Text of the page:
“It’s a bit grim, but since it’s a slow news day, perhaps you can use this story about a man who apparently murdered his wife, after he failed the Texas bar 4 times. As noted in the article, the alleged perpetrator had lobbied the Texas Supreme Court to lift the rule that limited law graduates to five attempts to pass the bar exam.”
Things aren’t look so hot for football star Michael Vick right now. See here and here.
Despite the incriminating statements of his co-defendants, Vick still hasn’t reached a plea agreement with the government. Rumor has it that there’s a split among Vick’s lawyers about whether to take a plea deal.
After the jump, we post an analysis from a reader suggesting that, under the applicable Sentencing Guidelines (which are of course advisory post-Booker), Vick shouldn’t necessarily serve prison time.
But we suspect that the feds wouldn’t allow Vick to get off without some prison time (at least a year). And if Vick doesn’t plead guilty to the current indictment, they’ll nail him with a superseding indictment that includes RICO charges (which will vastly ramp up his exposure if convicted).
Check out this reader’s analysis, after the jump.
Even if you have a possible justification for doing so — ’cause it might be illegal. From the ABA Journal:
Proceedings have been delayed in a California misdemeanor case in which the defense is claiming that police brutalized their client with a stun gun during his arrest at a shopping mall last year.
That’s because the defense team is now being criminally investigated for allegedly violating human experimentation laws by repeatedly using a stun gun on their client themselves during an evidence-gathering effort in a law office.
Additional details here. Our tipster, a criminal defense lawyer, observes:
“I can’t decide which I like better:
(1) imagining those nervous, sweaty-palmed, study-group types from law school, wringing their hands and saying, ‘C’mon, guys, we have to be PREPARED! How are we gonna know what he looked like when he was writhing in agony unless we shock him AGAIN?’ or
(2) the idea of defense lawyers seizing the opportunity to taser a client — which we have ALL dreamed of doing.”
Since the lastcoverage of her on ATL, the Energizer-bunny-esque Judge Elizabeth Halverson has been ordered on the inactive list by the Nevada Commission on Judicial Discipline.
Following an emotional plea by Halverson in a rare television interview, and a similar public plea by two sexy ex-Halverson staffers (a law clerk and a secretary), the hearing transcripts have been released by the Nevada Supreme Court.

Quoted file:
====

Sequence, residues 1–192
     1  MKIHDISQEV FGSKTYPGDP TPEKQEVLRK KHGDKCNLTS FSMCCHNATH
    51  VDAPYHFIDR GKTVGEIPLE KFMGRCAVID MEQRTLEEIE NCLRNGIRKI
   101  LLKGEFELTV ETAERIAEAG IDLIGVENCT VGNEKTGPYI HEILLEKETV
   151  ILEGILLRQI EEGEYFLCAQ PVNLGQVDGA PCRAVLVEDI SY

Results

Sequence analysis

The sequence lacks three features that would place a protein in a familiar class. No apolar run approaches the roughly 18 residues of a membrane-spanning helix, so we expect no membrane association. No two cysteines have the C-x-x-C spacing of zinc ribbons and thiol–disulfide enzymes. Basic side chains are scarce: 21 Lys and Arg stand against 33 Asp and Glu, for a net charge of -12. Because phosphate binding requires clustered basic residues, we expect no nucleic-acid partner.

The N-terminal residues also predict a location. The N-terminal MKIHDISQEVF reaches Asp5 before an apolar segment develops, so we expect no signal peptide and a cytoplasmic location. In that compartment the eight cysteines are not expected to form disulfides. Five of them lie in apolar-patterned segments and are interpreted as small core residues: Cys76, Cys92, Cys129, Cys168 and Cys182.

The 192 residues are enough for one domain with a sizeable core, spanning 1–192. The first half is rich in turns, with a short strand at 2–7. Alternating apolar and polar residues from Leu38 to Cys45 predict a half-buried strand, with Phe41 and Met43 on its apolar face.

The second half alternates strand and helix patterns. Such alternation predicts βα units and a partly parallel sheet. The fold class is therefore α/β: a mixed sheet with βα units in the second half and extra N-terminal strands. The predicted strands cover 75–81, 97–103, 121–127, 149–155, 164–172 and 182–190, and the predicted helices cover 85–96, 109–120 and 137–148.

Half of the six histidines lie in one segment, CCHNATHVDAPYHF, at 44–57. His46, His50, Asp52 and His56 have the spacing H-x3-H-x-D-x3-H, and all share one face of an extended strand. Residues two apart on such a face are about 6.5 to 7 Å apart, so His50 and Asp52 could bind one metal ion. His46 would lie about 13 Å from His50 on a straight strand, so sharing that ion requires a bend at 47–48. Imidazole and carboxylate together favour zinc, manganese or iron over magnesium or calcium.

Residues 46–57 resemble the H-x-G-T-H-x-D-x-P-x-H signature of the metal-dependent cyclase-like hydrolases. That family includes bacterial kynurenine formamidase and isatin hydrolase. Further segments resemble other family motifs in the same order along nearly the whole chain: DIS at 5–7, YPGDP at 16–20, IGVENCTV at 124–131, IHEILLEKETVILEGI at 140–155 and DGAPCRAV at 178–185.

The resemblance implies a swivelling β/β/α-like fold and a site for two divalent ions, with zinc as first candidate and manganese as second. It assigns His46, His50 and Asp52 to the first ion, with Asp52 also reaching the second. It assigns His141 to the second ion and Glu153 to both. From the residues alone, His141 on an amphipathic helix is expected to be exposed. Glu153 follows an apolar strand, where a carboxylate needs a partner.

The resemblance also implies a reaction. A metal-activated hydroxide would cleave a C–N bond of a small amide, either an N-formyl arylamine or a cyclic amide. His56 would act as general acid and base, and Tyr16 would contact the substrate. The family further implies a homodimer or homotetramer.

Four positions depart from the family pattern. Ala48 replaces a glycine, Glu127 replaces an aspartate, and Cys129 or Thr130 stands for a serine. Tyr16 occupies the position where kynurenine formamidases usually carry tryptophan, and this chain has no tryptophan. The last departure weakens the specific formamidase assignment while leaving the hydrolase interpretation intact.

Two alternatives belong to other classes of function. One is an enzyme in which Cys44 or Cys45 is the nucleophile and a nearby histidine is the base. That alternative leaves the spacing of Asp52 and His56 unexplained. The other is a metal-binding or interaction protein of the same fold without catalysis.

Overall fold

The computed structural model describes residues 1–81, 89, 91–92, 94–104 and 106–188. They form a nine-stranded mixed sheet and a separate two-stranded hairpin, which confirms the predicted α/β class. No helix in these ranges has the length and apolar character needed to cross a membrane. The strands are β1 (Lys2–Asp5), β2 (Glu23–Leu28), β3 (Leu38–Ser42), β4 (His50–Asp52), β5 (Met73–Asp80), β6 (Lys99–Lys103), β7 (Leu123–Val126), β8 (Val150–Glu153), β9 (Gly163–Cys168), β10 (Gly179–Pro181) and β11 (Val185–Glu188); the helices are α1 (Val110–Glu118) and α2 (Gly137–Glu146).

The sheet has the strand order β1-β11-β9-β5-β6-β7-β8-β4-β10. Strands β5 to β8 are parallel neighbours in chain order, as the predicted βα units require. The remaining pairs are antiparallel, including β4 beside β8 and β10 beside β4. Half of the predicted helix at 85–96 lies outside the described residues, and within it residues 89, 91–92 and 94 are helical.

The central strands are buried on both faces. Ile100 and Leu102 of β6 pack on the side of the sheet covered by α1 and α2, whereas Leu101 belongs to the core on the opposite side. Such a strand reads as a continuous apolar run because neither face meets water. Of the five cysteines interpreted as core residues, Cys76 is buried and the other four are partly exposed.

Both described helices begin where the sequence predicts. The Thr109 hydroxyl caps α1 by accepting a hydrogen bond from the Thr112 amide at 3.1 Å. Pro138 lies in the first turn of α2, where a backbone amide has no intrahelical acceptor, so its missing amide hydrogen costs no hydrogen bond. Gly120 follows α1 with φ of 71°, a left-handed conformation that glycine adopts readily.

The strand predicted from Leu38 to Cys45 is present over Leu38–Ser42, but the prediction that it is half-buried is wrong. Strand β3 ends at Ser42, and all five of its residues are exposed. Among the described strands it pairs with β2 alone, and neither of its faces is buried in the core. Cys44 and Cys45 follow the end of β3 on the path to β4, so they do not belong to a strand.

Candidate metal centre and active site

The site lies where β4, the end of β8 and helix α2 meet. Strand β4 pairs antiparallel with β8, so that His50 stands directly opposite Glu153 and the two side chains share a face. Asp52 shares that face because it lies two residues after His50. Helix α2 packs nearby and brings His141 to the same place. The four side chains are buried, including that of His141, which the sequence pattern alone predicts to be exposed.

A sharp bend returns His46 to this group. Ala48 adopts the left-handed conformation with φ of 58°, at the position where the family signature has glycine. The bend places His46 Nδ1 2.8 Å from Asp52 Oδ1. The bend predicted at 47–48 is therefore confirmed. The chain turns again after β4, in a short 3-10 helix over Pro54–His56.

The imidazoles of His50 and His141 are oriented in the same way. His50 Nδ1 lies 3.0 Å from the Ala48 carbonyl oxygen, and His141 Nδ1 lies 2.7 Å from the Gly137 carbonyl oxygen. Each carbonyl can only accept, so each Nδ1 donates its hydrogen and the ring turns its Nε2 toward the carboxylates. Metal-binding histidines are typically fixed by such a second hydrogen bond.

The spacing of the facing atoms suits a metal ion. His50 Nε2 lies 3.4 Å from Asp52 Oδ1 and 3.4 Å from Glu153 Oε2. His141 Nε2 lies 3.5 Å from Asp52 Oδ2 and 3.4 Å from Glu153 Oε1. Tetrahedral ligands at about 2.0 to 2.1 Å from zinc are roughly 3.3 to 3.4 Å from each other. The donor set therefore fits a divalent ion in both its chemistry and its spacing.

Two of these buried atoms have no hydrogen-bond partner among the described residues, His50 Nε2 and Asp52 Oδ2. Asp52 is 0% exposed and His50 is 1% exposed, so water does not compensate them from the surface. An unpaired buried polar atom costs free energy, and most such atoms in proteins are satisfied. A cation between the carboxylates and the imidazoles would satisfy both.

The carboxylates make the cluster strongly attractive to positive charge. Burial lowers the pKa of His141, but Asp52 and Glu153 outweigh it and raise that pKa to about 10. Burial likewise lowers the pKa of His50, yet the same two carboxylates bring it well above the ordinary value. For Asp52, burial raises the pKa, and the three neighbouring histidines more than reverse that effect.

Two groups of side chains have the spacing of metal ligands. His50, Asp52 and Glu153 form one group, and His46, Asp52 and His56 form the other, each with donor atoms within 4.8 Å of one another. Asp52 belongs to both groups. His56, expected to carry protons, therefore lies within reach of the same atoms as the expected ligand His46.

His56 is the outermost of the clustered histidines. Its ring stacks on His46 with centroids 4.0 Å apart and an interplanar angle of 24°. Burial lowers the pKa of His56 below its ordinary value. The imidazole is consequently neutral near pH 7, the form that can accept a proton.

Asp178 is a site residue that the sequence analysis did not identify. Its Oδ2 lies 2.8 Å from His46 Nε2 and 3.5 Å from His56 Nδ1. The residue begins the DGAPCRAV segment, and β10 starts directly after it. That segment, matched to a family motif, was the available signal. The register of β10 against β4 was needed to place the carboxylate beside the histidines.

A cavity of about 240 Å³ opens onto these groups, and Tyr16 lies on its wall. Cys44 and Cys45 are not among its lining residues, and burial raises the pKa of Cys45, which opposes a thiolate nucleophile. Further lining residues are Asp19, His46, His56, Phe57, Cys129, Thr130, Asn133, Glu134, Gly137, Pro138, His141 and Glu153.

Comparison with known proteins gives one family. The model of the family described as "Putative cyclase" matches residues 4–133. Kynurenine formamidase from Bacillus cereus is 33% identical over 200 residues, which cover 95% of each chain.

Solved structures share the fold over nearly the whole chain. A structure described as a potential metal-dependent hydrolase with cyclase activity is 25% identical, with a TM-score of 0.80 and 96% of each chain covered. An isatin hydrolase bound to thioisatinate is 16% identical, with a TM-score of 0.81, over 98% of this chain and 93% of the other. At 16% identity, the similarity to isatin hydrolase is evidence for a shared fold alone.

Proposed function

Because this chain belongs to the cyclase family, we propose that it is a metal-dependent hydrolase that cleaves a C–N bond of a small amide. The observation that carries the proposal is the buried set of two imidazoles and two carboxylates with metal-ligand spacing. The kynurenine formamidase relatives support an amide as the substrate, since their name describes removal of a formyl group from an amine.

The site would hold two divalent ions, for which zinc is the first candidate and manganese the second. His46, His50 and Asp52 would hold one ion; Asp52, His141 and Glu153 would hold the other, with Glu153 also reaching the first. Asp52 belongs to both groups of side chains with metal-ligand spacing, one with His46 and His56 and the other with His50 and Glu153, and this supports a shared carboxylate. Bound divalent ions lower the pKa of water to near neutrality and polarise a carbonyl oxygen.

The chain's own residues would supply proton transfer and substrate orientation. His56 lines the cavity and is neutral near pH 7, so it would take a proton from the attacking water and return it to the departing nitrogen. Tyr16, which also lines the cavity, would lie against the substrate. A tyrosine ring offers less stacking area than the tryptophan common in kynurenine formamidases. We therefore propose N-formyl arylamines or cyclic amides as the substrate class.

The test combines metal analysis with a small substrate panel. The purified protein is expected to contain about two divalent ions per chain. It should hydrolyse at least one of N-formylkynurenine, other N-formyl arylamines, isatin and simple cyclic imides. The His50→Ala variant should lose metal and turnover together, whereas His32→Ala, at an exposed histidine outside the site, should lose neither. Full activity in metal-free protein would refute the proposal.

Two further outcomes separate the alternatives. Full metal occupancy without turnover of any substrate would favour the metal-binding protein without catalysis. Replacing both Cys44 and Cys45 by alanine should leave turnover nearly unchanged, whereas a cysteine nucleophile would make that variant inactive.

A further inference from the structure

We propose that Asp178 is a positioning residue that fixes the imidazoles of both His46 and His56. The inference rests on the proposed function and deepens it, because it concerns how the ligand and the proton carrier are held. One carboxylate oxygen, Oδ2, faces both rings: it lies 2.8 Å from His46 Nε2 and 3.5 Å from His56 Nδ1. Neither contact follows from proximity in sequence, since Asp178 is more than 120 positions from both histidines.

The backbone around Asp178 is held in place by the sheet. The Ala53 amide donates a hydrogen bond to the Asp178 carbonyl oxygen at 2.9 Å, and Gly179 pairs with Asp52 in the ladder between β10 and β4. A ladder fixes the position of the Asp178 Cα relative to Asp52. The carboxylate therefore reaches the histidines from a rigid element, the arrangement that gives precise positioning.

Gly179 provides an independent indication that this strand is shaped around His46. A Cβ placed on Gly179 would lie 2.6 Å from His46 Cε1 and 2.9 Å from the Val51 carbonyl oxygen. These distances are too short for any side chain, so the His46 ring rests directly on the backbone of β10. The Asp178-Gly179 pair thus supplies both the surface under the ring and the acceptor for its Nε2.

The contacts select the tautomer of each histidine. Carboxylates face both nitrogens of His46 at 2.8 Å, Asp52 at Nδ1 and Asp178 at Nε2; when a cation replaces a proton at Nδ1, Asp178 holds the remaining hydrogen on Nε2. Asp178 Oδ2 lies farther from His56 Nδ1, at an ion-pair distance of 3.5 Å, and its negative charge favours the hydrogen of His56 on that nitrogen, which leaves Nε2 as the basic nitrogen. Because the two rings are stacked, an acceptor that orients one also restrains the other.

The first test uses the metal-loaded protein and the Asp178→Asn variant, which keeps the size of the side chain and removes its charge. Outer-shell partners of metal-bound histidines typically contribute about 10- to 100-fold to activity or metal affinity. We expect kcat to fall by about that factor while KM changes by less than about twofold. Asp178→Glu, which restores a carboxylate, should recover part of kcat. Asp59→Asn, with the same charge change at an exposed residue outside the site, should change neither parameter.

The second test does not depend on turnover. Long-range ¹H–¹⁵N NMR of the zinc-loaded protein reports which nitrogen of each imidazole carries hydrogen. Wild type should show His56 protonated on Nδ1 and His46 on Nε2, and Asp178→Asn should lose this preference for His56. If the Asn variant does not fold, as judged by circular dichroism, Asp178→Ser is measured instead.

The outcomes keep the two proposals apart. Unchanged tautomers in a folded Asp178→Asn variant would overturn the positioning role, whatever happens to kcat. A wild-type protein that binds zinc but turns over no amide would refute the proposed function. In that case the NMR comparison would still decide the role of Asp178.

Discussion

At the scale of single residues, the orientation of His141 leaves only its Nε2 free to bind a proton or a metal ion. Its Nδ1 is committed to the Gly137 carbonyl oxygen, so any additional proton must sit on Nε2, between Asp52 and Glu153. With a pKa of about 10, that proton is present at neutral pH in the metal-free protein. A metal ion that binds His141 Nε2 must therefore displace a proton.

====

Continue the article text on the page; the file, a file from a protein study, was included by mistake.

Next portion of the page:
The Las Vegas Review-Journal published a story this morning that basically places the final nail in the 425 500 lb jurist’s cavernous coffin career:
District Judge Elizabeth Halverson’s former bailiff testified that she fell asleep daily in court and frequently told him to shoot her husband, according to transcripts of a closed-door hearing that were made public Wednesday.
Yes, you read that right: “frequently told him to shoot her husband.”
(Dozing off on the bench is no big deal. Some highly regarded judges do it all the time.)
The balance of the insanity, after the jump.
Guess we can’t get no respect from the mainstream media. Not even from Fox News, which carries a story that we brought you last month.
Meanwhile, in other Michael Vick developments, lawyers for the Falcons quarterback are working on getting him a plea deal. From the Atlanta Journal Constitution:
Atlanta lawyer Dan Meachum, a member of Vick’s defense team, declined to comment Tuesday on any possible negotiations.
“I stand by Michael Vick,” Meachum said. “He’s a good kid in a bad situation. I’m a dog owner, a dog lover. I would not be involved in this case if I didn’t believe in him.”
We don’t know whether our latest summer associate superhero is also the Clifford Chance Lolita. Whether or not they’re one and the same, it’s still a worthwhile story:
1. Superhero name: Vampire Girl
2. Special power(s): Sucks your blood, eats your heart out.
3. Summered: Clifford Chance, summer 2007.
4. Claim to fame: “At the now infamous Clifford Chance Corporate Reception on July 12, 2007, this summer got drunk and started biting / making out with random people. The next day, she sent out the email pasted below.”
From: [Redacted] Sent: Friday, July 13, 2007 3:12 PM To: #NYC: Summers Subject: apologies
To anyone I bit last night. It was my birthday, I drank far too much, and I tend to be aggressive and bite people. If you were a victim, you can be assured that I am not rabid.
[Redacted] Summer Associate (not yet admitted to the bar) Clifford Chance US LLP
Gotta love those pro se litigants in Montana — and their dads, too. From the Billings Gazette:
Bond was set at $50,000 Friday for a man accused of attacking three police officers in a county courtroom as his father reportedly egged him on.
The officers were summoned to District Court in downtown Billings on Thursday after Wesley William Wimber shouted profanities at Judge Russell Fagg, court documents said.
In a confrontation that unfolded after a ruling by Fagg, the man allegedly charged one of the officers while his father shouted encouragement from the back of the courtroom, yelling, “Take ‘em, Wes! Take ‘em!”
No, we’re not making this up. The alleged assailant really is named “Wesley William Wimber.” And the presiding judge really is a Fagg.
So what gave rise to this disorder in the court?
Prosecutors said the melee broke out Thursday at the end of a custody matter in Fagg’s courtroom involving Wimber’s daughter. When Fagg ordered that Wimber allow his daughter’s mother visitation with the 4-year-old, Wimber called out, “Bite me, your honor!”
Very nice. If you’re going to tell a judge to “bite you,” be sure to add “Your Honor.” Then it’s all good.